[Associated Press]
  5. Obama to Orlando: 'Our hearts are broken, too'

    Nation

    ORLANDO — President Barack Obama came to a city in mourning Thursday afternoon to console the grieving families of the nation's deadliest mass shooting and tell them "our hearts are broken, too."

    Accompanied by Vice President Joe Biden, the president met with survivors in wheelchairs and on hospital gurneys. He hugged the parents, siblings and partners of the victims, held hands with their friends, thanked the first responders, paramedics and hospital surgeons, and then, after a pilgrimage to a makeshift memorial to the victims, Obama turned to the cameras for yet another call to action against "weapons of war."...

    Orlando Mayor Buddy Dyer presents President Barack Obama a #OrlandoUnited T-shirt Thursday at Orlando International Airport as Florida Sens. Bill Nelson and Marco Rubio greet each other. Gov. Rick Scott, right, also met Obama at the airport when Air Force One arrived.
  6. Pressure mounts for narrowly-drawn plan to ban suspected terrorists from obtaining guns

    State Roundup

    ORLANDO — In the wake of the deadliest mass shooting in U.S. history this week, pressure is mounting from members of both parties to pass legislation that would make it harder for suspected terrorists to obtain firearms by passing the "no fly, no buy" legislation in Congress and the Florida Legislature.

    Donald Trump, the presumptive Republican presidential nominee who has been endorsed by the NRA, suggested Wednesday he might be ready to distance himself from the powerful gun lobby and announced on Twitter that he would be meeting with the NRA to discuss "not allowing people on the terrorist watch list, or the no fly list, to buy guns."...

    Presumed GOP presidential nominee Donald Trump, shown at a rally Wednesday in Atlanta, plans to meet with NRA officials.
  7. Mayors say healing from shooting has led to 'more understanding' and transformation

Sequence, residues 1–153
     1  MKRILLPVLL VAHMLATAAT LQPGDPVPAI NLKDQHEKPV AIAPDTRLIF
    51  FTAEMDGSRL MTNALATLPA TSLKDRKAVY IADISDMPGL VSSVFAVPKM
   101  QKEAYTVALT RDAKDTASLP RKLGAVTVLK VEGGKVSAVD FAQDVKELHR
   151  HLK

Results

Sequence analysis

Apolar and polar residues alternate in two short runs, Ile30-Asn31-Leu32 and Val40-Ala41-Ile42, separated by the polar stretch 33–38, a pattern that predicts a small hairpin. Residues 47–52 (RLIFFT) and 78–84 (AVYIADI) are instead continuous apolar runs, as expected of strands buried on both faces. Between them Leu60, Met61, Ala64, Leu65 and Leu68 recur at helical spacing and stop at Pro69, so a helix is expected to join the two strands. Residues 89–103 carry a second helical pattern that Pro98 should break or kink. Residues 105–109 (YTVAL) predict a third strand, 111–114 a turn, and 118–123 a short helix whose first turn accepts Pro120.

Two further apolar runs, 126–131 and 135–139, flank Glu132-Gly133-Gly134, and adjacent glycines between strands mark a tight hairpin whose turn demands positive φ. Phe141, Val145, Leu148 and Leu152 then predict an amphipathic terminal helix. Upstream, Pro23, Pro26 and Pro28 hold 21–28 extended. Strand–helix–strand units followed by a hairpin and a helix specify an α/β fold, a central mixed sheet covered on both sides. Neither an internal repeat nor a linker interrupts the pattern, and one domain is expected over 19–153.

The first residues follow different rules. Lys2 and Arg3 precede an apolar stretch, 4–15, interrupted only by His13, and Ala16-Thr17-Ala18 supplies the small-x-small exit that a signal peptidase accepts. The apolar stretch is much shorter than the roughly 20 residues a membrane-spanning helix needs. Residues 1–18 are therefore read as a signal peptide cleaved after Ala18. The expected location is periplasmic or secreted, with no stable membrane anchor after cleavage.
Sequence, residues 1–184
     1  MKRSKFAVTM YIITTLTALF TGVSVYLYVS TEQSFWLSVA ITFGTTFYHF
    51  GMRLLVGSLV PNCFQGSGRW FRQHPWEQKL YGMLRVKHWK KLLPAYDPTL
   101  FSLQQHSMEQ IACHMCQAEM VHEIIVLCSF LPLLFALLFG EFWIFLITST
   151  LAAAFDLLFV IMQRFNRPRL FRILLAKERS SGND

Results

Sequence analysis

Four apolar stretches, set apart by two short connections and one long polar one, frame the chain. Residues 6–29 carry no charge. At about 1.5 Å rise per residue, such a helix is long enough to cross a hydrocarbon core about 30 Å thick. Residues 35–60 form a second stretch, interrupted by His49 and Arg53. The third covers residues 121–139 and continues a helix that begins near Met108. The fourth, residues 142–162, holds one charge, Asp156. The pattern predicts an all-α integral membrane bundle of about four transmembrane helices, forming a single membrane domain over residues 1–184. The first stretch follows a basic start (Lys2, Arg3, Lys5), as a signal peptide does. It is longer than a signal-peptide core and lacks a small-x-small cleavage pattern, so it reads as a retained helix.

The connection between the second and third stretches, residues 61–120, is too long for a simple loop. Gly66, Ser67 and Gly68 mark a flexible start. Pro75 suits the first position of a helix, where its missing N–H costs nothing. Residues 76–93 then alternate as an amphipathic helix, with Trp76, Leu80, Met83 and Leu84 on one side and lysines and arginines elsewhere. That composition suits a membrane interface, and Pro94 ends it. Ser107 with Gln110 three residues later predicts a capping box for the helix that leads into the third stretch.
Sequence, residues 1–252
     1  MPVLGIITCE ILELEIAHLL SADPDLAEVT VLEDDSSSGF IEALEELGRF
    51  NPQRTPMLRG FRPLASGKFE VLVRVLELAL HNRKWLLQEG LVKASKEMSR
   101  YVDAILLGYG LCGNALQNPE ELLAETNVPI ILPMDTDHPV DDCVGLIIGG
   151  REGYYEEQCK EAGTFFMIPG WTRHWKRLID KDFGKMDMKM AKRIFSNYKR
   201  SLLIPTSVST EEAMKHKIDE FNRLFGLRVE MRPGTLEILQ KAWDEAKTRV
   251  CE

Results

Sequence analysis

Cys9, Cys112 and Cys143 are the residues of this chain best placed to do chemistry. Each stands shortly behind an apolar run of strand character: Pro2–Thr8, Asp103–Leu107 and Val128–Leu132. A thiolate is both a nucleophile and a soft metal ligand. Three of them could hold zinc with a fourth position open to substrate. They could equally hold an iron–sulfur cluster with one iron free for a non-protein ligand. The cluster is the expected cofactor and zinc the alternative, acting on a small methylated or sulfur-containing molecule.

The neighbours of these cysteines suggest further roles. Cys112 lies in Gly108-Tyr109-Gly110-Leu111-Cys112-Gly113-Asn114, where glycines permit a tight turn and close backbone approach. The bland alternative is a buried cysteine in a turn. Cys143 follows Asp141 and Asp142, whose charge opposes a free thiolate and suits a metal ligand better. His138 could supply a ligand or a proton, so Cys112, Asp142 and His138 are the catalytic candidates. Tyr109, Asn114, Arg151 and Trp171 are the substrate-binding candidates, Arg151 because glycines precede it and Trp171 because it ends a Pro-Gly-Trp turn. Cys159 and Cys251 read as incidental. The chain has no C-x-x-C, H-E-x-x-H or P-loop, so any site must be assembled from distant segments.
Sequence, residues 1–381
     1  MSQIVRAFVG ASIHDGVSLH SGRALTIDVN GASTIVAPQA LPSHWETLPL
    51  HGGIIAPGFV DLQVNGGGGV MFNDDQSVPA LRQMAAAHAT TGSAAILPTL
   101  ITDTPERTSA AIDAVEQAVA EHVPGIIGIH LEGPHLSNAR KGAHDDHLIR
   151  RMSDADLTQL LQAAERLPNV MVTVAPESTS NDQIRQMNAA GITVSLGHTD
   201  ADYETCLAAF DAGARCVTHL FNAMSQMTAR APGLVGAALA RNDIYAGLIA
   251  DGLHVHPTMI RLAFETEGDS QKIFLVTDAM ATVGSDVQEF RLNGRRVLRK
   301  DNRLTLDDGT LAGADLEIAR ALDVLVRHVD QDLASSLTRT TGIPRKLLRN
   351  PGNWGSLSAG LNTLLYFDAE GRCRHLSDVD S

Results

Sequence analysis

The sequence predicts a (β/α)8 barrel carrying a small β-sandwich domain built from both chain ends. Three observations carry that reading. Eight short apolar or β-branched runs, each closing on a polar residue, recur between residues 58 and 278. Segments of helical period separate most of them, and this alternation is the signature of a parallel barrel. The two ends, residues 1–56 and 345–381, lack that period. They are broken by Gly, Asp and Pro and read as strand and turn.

State Roundup

    ORLANDO — Orlando's mayors said Wednesday that the community response to the shooting has been transformational — not only pulling the community together with support and resources but also leading people to what they say is a better acceptance of the LGBT community.

    "It's hard to say we might find a silver lining in this thing but the way our community has come together and stood united and started thinking about different ways to approach each other,'' said Mayor Buddy Dyer at a press conference on Wednesday....

  8. Another piece to Rubio puzzle falls into place: Lopez-Cantera says he should run

    State Roundup

    The last piece in the puzzling picture of whether Marco Rubio will seek re-election to the U.S. Senate may have fallen into place Wednesday when his friend, and chosen successor, Carlos Lopez-Cantera, said he thinks Rubio should run.

    Lopez-Cantera, the lieutenant governor from Miami, told Politico that he encouraged Rubio to run as they sat in Rubio's pickup truck in Orlando Sunday evening....

    U.S. Sen. Marco Rubio talks to the media in Tampa in March.
[OCTAVIO JONES | Times]
  9. Barack Obama to attend vigil for Orlando victims Thursday

    Blog

    President Barack Obama will attend a vigil at the Amway Center in Orlando Thursday as part of his trip to pay respects to the victims of Sunday's nightclub shooting and to stand in solidarity with the community, Orlando officials told the Herald/Times.

    The White House has not provided details about the trip yet but the president is expected to also visit other venues before he leaves as scheduled at 5:30 p.m., one source said....

  10. Mayors say healing from shooting has led to 'more understanding' and transformation